Mark Sidran is currently Seattle's Mr. Fix-it among Democratic politicians ("Mark Sidran: Sinner or Saint?" 8/13). Most others appear to be "coasting" because the city



Seattle's Mr. Fix-it

Mark Sidran is currently Seattle's Mr. Fix-it among Democratic politicians ("Mark Sidran: Sinner or Saint?" 8/13). Most others appear to be "coasting" because the city government remains jammed in their back pockets. Sidran does the heavy lifting and should be encouraged by improved crime and safety statistics. His high profile might be understandable if he were a Republican politician in a predominantly Democratic city, as is Mayor Rudolf Giuliani in New York City. But Sidran's strong efforts confound those who believe that a politician at rest remains at rest unless jarred into action by an opponent's prodding. Without a viable Republican Party in Seattle to offer alternatives and initiatives, Sidran remains unique. What a guy.

John F. Kalben


Get the (whole) picture

The main downfall of your recent article on Mark Sidran ("Mark Sidran: Sinner or Saint?" 8/13) was that it was all about the city attorney and not much about anyone else. Overly quoting Sidran, after clearly stating his intentions to be a media magnate, showed the Weekly to be eating right out of his hand.

What's really a blight is that not one person from the hip-hop community was represented. Absenting this perspective does nothing to broaden your (mostly white) readers' understanding of hip-hop music, which, let's face it, often involves irrational fear.

Your statement that "chronic drunks, drug users, mentally ill" dominate street population is based on fantasy. Those people are the majority of homeless people that you see on the street because they are the segment of the homeless that are not in a position to be doing what the rest of the homeless are doing, which is looking for work, housing, a slot in the shower line, plugging into the social services, studying for GED exams. We all should know by now from the excellent exposure SHARE and Real Change have given that the vast majority of homeless women are virtually invisible out of survival and that the powerful drug dealers are not homeless.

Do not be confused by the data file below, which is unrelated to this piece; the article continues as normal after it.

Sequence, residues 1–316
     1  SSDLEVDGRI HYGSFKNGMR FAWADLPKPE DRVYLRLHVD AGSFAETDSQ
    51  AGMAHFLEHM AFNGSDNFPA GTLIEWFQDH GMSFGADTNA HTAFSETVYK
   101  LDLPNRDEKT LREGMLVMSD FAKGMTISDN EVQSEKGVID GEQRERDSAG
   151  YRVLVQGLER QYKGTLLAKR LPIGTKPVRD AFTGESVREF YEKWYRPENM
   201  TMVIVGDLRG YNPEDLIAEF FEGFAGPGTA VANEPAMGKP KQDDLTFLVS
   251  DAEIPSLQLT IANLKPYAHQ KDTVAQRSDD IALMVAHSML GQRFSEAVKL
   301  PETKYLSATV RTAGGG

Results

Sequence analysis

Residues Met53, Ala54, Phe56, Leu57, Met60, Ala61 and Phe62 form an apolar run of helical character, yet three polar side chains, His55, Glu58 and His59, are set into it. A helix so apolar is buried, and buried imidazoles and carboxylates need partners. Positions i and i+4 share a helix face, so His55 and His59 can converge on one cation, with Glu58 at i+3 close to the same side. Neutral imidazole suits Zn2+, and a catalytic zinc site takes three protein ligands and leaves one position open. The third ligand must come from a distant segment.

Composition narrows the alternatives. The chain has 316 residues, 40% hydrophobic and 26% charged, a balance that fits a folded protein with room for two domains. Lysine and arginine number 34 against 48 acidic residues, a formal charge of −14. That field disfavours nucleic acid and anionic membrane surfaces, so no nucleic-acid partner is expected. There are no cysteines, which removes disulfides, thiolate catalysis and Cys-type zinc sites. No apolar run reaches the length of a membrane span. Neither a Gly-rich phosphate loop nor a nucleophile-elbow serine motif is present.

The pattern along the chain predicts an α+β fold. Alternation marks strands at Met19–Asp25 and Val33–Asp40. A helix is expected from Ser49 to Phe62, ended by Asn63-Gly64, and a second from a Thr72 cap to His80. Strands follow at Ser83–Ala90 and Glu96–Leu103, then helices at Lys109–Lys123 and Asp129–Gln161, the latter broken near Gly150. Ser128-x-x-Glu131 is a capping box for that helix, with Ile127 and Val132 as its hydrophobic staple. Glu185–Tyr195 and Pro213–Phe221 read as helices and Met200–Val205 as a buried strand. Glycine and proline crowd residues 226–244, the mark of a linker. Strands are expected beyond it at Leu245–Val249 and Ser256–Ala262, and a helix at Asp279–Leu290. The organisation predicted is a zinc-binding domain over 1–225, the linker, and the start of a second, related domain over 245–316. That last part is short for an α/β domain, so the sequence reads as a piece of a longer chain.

Thanks for the spot on the judge who rightfully dismissed trespassing charges against a Jungle resident and thanks for the sprinkling of perspectives that you did. I just want to see more, and in more depth. The whole picture.

Jen Domeier


Give that man a medal

Today I read your article about Mark Sidran's office ("Mark Sidran: Sinner or Saint?" 8/13). I loved every word of the article, especially about his agenda for cleaning up the streets and public places in Seattle. When I moved here in 1966, before Seattle became a so-called destination city, I wasn't afraid of losing my life when I walked around Pioneer Square after sundown. I wasn't afraid to wait for the 1am bus in front of the Bon. I didn't see human feces and urine in every public place, and certainly not in a bus shelter (or, nowadays, Metro tunnel elevators). In short, I wasn't afraid to live in Seattle, I wasn't revolted and disgusted by merely walking through a public park, and I didn't think I had to have a Washington state license to carry a concealed pistol and carry such a weapon to protect myself after dark in Seattle. Things were different in 1966, and short of inventing a time machine, Sidran's enlightened, practical solutions and laws are the only way Seattle's decent, law-abiding citizens will ever be able to enjoy their city. I applaud his efforts to clean up this benighted city and make it a nice place to live. But then again, I'm not a low-life criminal urinating on the sidewalk while I'm selling crack cocaine to a prostitute who's bedding down for the night in a city park. "Ban Mark Sidran?" I say, give the man a medal—he deserves one.

Jay Kridner

via e-mail

Goo-goo over Sidran

What's going on? Suddenly you're almost gooey over Sidran ("Mark Sidran: Sinner or Saint?" 8/13), and making nice to The Seattle Times (Watchdogs, "Good 'Times,'" 8/13). Are there some appointments you're angling for? Is the Weekly about to fold? Hello?

Several years ago, I had correspondences with Sidran on behalf of a neighbor beset by reneging city-zoning bozos in his struggle to survive as a small business/rentals owner in South Seattle. The city eventually ground him down—in part from the overall stress and worry he since escaped by dying. To hell with Big Seattle, and Sidran's bosses in City Hall; this town is a mess.

Gordon Anderson


A vision of 'civility'